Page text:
Alan B. Richards, M.D.
Pediatric Ophthalmologist with specialization in Adult Eye Muscle Disorders
Alan B. Richards, MD, a pediatric ophthalmologist in Shreveport, Louisiana, has utilized his professional expertise to save children’s vision at home and abroad. As a pediatric ophthalmologist at Highland Clinic, Alan B. Richards, MD, treats a wide variety of eye problems in his young patients, including diagnosis and treatment of genetic disorders, complex strabismus (lazy eye), and ocular and orbital tumors. He performs eye muscle surgery on adults as well.
As evidence of his professional dedication, Alan B. Richards, MD, developed vision screening guidelines for children in Louisiana early in his practice and personally instructed school nurses and vision screeners across the state on proper screening methods. Teaching has always been at the core of Dr. Richards’ professional enterprises, and he enjoys sharing his knowledge with others. In addition to his responsibilities at Highland Clinic, he serves as a clinical assistant professor in the Department of Ophthalmology at the Louisiana State University Health Sciences Center.
Alan B. Richards, MD, hasn’t limited his care to children in Louisiana. He currently serves as the Chairman of the Board for Shreveport Sees Russia, an organization dedicated to saving the eyesight of infants in Russia and Eastern Europe. Dr. Richards has traveled to Moscow twice to provide diagnosis and training to pediatric ophthalmologists. He plans to return to Moscow in 2012 for another large conference. He is also going to Ukraine in May 2012, to deliver equipment, meet with pediatric ophthalmologists, and speak at a large conference in Odessa. In addition to his work at Shreveport Sees Russia, Alan B. Richards, MD, serves as a chairman on Louisiana’s Vision Advisory Board.
Dr. Richards completed his Bachelor’s degree at Southern Methodist University in Dallas and earned his Doctor of Medicine degree at the University of Texas Southwestern Medical School. His postgraduate studies included a residency at the Callahan Eye Hospital in Birmingham, Alabama, and a fellowship at the Will Eye Hospital in Philadelphia, Pennsylvania.
International Blindness Association Hosts 2016 World Sight Day
Alan B. Richards, MD, served for more than 30 years as clinical assistant professor in the Department of Ophthalmology at Louisiana State University in Shreveport. He developed a series of lectures on pediatric ophthalmology for residents that have been used in ophthalmology training programs throughout the USA. In addition, Alan B. Richards, MD, works as a pediatric ophthalmologist at Highland Clinic and belongs to the International Association for the Prevention of Blindness (IAPB).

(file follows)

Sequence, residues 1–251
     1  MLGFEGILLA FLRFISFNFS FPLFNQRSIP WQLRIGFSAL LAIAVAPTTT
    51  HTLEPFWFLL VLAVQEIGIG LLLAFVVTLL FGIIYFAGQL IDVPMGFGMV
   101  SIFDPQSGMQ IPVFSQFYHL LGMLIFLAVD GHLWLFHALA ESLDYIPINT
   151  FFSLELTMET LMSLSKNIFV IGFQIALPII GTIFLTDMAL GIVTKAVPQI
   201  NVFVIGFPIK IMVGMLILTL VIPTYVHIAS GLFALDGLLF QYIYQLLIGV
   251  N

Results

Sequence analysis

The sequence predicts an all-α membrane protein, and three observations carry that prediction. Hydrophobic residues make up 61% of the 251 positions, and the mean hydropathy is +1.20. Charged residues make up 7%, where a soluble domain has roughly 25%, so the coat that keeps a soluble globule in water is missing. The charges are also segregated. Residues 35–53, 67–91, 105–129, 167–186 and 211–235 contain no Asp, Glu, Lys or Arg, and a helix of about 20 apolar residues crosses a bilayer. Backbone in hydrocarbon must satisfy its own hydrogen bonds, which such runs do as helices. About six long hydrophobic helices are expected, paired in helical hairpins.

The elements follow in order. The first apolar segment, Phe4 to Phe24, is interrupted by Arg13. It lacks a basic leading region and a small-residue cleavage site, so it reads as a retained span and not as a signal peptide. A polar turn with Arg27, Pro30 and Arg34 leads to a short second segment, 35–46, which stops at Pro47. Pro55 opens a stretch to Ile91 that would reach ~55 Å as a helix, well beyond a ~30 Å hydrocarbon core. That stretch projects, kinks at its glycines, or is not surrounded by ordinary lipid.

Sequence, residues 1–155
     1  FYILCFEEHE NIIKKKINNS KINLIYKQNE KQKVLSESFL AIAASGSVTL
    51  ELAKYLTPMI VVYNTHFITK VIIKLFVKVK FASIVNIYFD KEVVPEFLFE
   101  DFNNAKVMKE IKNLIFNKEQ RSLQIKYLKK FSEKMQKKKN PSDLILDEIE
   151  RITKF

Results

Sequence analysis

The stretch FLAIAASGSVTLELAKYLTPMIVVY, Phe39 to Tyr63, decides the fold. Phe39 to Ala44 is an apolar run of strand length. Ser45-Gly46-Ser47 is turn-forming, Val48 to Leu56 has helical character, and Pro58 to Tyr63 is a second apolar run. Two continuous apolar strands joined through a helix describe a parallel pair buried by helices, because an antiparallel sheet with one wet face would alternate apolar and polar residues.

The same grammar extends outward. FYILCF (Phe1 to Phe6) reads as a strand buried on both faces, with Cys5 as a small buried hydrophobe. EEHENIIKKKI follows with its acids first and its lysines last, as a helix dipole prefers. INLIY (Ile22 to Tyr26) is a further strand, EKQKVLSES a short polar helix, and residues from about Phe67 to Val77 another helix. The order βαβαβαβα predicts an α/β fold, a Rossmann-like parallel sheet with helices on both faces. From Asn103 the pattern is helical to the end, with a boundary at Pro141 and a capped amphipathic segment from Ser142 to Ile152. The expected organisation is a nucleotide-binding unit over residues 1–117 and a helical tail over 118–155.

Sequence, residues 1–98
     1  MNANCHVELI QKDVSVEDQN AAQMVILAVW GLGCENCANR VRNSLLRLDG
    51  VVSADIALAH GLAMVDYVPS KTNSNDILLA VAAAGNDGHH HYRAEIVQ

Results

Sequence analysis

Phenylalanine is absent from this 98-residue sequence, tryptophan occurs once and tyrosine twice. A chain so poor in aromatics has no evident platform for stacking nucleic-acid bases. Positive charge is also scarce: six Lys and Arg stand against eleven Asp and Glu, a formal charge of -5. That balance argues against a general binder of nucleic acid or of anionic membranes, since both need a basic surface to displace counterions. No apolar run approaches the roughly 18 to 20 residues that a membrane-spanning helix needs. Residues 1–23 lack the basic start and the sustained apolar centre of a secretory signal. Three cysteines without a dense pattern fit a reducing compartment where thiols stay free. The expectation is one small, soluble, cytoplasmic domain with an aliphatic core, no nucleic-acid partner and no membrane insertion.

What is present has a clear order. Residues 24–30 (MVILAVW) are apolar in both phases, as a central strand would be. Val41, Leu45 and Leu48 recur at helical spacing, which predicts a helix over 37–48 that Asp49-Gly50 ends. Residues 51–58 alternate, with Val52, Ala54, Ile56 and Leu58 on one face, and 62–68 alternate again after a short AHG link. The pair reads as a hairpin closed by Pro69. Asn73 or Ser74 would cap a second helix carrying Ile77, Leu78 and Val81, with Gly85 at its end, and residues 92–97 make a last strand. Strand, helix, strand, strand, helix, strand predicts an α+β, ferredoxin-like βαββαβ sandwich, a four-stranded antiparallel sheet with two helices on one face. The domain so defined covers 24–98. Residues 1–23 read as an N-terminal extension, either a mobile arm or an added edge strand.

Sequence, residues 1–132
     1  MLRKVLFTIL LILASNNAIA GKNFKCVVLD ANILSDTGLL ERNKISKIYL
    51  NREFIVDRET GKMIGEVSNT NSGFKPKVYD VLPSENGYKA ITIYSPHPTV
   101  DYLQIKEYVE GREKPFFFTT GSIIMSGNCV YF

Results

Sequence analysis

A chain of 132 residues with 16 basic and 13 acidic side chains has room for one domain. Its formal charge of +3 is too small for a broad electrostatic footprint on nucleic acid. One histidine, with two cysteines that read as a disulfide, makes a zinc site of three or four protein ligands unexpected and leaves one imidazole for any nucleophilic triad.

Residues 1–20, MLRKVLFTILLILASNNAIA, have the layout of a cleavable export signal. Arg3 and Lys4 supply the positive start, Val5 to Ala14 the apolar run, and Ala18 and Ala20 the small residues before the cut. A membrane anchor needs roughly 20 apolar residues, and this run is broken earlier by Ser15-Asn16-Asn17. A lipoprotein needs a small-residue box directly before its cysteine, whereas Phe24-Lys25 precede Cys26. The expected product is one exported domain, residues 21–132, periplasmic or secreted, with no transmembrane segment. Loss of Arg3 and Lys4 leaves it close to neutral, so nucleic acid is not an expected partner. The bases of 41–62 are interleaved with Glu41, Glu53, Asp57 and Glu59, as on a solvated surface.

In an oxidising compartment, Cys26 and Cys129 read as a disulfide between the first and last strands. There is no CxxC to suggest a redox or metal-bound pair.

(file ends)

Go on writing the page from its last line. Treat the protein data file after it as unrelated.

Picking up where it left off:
Established in 1975, IAPB leads international efforts to prevent blindness. It seeks to give everyone access to the best standard of care for eye health. It also promotes awareness about eye health, particularly at the county levels.
To promote its mission, IAPB coordinates an annual event on the second Thursday in October. Occurring this year on October 13, World Sight Day focuses global attention on blindness and visual impairment. During this event, members of IAPB work together to raise public awareness about blindness and vision impairments and how they are a major international public health issue.
Members also encourage government officials to designate funds for national blindness prevention programs. In addition, IAPB encourages amateur and professional photographers to take part in an international photography competition highlighting World Sight Day with the theme of Stronger Together.
Pediatric Lazy Eye - Causes and Treatments
For more than 35 years, Alan B. Richards, MD, has cared for patients as a privately practicing pediatric ophthalmologist in Shreveport, Louisiana. Alan B. Richards, MD, is particularly interested in strabismus and its presentation in children.
Strabismus, a condition that affects 4 percent of individuals nationwide, occurs when the eye fails to align correctly. This is most often the result of a malfunction in cranial nerves III, IV, and V, which together control movement of the eye, though some cases have a primarily muscular cause. The effect of strabismus is visible as an eye that turns inward (esotropia), rotates outward (exotropia), drifts upward (hypertropia), or sinks lower (hypotropia).
Physicians often begin the treatment of strabismus with an eye patch or glasses darkened on one side that the child wears over the unaffected eye. This forces vision in the affected eye to become stronger and can condition the related muscles, which in turn correct the alignment. For children who cannot tolerate a patch, the same effect may be achieved using atropine drops, as these blur vision in the unaffected eye.
Some children do not respond appropriately to patching, drops, or glasses. For these children, surgery can help to tighten or relax the muscles that cause the misalignment. This routine procedure is typically available as an outpatient therapy.